Bruce Allan Mapes, Skating's Unknown Inventor

 

Born August 16, 1901, Bruce Allan Mapes, Sr. grew up in Brooklyn, New York and caught the skating bug when he saw Charlotte perform when he was eleven. He learned the scales of skating - the school figures - at the Brooklyn Ice Palace yet derived far more interest in jumping, spinning and other free skating elements. The amateur competitive scene just wasn't his bag, so in the early twenties he retired and worked as an architect before embarking on a barnstorming professional career with his wife Evelyn Chandler. Christie Sausa's book "Lake Placid Figure Skating: A History" explained that "Evelyn Chandler and Bruce Mapes were big stars in the early 1930s, considered the best professional team in the world at the time." The duo performed in everything from club carnivals to circuses. The popular team also toured with Ice Follies for eight years and performed in Chicago's Century of Progress International Exposition in 1933 and 1934.

Bruce Mapes and Evelyn Chandler. Photo courtesy the Minnesota Historical Society. Used with permission.

After the couple's performing career slowed down, they were both hired by the Hershey Skating Club in Pennsylvania. The Mapes' were the club's very first professional coaches and were responsible for not only training young skaters but developing the club's lavish carnival. They continued to perform elsewhere while coaching. Bruce C. Cooper's historical retrospective on hockey and in turn, skating in Hershey noted: "Evelyn Chandler, who electrified the spectators last week at the First Annual Winter Sports Show and International Ski Meet in New York's Madison Square Garden, will skate between periods, giving a series of ice acrobatics with her partner, Bruce Mapes, one of the world's best known professionals. Miss Chandler and Mr. Mapes will also give their ice exhibition on Wednesday night, December 23, when the Hershey Sports Arena stages its second hockey game, between the Hershey Bears and the Atlantic City Sea Gulls."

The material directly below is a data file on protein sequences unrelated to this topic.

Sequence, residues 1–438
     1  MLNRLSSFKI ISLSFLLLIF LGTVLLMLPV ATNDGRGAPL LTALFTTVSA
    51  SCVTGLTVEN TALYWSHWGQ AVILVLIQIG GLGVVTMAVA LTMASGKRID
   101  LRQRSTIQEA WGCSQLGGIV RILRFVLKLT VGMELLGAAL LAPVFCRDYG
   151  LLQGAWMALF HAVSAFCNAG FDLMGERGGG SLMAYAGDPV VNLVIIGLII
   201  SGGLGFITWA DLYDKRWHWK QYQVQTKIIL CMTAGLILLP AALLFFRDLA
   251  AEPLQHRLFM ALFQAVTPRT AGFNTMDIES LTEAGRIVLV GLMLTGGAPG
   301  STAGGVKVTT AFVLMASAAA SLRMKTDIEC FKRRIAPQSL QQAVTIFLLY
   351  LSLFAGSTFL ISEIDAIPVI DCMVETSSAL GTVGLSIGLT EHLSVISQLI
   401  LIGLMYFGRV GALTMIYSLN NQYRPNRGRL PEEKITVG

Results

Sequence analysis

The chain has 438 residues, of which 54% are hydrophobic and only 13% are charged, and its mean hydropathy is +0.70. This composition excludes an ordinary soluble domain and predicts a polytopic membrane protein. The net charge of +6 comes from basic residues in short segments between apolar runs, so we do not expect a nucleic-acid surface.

Evelyn Chandler performing for the troops in 1938

The on and off ice couple had three children, Chandler, Bruce Jr. and Susan, and both of their sons also became professional skaters. Bruce Mapes Jr. toured alongside two time World Medallist Daphne Walker, Betty Jane Ricker, Bill Keefe and Florine Couls, Bobby Temple and Phyllis Kirby in the fifties ice show Ice Vanities.


Mapes has historically been credited with inventing the toe-loop. and by some, the flip. Whereas John Misha Petkevich's 1988 book "Figure Skating: Championship Techniques" gives full credit to Mapes for the toe-loop, the origins of the flip are a little more murky. Gustave Lussi claimed to have invented the jump with Bud Wilson in Canada. He stated that when Evelyn came up to Canada to perform, she saw the jump performed and took it down to the States where the couple performed it and it became known as a Mapes. Interestingly, in roller skating today a toe-loop jump - not a flip - is known as a Mapes.  

Later in life, Mapes worked as a lighting director for NBC in New York and became a grandfather of two. After dedicating so much of his life to skating as an amateur and professional athlete and later, a coach, Mapes passed away in Red Bank, New Jersey at age fifty nine on February 18, 1961 leaving behind ties to the invention of two of skating's favourite toe jumps.

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